Investing in single stocks way too risky for me
My employer offers an employee stock purchase plan at a 15 per cent discount. I’m usually the kind of guy who buys stocks and holds on to them for ever. But when it comes to an opportunity like this, should I buy it and wait for a year to sell it, or should I buy it and sell right away?
Generally, I don’t recommend buying single stocks at all. Single stocks are way too risky, and a 15 per cent discount is nothing special in this kind of scenario. Virtually every single company out there that has an employee stock option plan offers a 15 per cent discount.
In most situations like this, if you pull up a 52-week chart on the stock’s performance, you’ll find a variance of as much as 15 per cent in those 52 weeks. In other words, you could lose any or all of that discount in one move of the stock. Plus, it’s not like 15 per cent is a big discount to begin with.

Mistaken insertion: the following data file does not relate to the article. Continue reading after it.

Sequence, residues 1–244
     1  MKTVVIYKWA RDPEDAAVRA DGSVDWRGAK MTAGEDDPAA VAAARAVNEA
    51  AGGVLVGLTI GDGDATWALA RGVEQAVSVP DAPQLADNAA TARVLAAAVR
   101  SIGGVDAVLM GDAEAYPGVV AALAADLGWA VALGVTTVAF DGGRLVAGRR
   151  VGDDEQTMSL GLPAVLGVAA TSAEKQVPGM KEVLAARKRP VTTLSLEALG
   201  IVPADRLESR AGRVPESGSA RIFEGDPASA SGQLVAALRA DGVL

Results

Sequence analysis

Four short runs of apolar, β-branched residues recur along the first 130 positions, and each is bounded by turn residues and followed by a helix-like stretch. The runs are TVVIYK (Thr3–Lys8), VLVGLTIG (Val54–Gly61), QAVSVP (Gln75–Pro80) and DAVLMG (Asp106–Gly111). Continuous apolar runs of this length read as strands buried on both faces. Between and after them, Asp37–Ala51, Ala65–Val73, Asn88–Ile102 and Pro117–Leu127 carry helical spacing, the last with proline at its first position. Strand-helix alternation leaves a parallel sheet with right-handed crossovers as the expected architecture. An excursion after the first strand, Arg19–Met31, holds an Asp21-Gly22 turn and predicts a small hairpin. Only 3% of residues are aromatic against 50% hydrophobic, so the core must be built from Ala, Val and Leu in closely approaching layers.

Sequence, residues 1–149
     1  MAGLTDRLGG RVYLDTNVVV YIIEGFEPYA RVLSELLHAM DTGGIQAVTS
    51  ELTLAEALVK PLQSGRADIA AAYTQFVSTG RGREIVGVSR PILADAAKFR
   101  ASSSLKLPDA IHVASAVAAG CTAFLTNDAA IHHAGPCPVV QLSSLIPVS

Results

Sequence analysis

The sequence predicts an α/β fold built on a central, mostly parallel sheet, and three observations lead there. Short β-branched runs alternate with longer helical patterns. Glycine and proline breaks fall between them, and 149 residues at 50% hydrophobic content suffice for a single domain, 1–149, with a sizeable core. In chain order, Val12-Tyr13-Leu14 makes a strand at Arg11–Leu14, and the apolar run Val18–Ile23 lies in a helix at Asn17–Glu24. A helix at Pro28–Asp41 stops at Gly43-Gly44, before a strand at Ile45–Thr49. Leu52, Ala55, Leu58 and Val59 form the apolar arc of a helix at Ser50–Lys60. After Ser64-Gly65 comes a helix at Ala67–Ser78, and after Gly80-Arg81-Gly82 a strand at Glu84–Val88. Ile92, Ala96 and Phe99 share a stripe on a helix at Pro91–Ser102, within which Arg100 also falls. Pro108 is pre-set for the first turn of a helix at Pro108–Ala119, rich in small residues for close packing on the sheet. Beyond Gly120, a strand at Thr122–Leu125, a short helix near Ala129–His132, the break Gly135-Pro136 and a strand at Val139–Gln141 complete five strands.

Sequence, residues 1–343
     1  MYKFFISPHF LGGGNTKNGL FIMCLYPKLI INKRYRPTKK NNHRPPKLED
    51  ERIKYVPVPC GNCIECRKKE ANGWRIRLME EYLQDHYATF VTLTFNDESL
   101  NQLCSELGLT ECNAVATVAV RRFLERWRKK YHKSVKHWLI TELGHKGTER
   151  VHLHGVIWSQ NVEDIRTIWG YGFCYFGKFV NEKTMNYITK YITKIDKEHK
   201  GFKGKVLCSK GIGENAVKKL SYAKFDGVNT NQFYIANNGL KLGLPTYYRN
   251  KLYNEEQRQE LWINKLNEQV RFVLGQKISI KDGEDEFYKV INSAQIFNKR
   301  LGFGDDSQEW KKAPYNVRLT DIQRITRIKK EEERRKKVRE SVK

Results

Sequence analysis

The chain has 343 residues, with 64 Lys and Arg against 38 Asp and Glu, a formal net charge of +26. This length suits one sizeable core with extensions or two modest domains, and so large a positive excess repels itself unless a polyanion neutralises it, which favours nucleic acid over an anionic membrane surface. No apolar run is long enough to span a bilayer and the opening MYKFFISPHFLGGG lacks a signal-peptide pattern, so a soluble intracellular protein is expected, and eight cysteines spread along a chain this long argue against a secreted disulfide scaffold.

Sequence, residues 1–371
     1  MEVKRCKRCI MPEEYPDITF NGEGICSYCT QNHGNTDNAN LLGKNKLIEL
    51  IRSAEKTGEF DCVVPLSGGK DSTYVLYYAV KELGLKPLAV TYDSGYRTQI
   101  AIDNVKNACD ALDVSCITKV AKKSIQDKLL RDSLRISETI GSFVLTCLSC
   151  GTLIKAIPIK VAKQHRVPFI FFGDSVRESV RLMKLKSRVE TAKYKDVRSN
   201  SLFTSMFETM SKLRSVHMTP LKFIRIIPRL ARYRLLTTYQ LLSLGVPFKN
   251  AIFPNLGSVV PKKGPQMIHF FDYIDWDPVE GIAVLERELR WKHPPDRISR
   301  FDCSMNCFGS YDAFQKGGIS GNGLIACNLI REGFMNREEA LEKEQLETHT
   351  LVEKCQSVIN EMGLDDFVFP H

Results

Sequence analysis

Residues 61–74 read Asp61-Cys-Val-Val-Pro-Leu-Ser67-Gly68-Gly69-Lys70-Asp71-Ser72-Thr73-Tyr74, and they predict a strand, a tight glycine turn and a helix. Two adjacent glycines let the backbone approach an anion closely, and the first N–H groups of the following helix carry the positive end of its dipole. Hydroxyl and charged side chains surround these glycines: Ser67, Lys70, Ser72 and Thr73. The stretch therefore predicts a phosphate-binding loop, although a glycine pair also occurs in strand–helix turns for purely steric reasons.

Fifteen per cent off a single stock, considering how volatile they are, is no big deal. But hey, if you love your company that much, they have a great track record, and the stock has a good history, go ahead. Just don’t allow single stocks as a category to make up more than 10 per cent of your net worth.
The core issue here is a lack of diversification. When you put all your eggs in one basket, there’s always some clown twirling the basket.
The first time I ran into that was a long time ago with a lady who was 70 years old. She had worked for a large company for 40 years. On top of that, she invested all her retirement savings, all her wealth – $800,000 total – in that one company.
Well, this company experienced a crisis. It lost nearly half of its value, and her $800,000 was suddenly worth about $400,000. She left herself vulnerable with a high-risk play, John.
I’ll say it again. Don’t bet the farm on one horse, and don’t have more than 10 per cent of your net worth wrapped up in single stocks. Hundreds of research projects have been done that show individuals who buy individual stocks and think they know what they’re doing actually lose money much more often than they make money.
• Dave Ramsey is an eight-time national bestselling author, personal finance expert and host of “The Ramsey Show.” He has appeared on “Good Morning America,” “CBS This Morning,” “Today,” Fox News, CNN, Fox Business and many more. Since 1992, Dave has helped people regain control of their money, build wealth, and enhance their lives. He also serves as CEO of Ramsey Solutions